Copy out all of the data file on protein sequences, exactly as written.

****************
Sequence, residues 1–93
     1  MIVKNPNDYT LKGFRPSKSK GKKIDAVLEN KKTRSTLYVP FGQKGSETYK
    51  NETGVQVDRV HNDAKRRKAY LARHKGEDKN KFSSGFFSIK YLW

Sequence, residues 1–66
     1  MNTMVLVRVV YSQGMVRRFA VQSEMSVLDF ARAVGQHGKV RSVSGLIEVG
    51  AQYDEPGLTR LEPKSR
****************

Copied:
Sequence, residues 1–93
     1  MIVKNPNDYT LKGFRPSKSK GKKIDAVLEN KKTRSTLYVP FGQKGSETYK
    51  NETGVQVDRV HNDAKRRKAY LARHKGEDKN KFSSGFFSIK YLW

Sequence, residues 1–66
     1  MNTMVLVRVV YSQGMVRRFA VQSEMSVLDF ARAVGQHGKV RSVSGLIEVG
    51  AQYDEPGLTR LEPKSR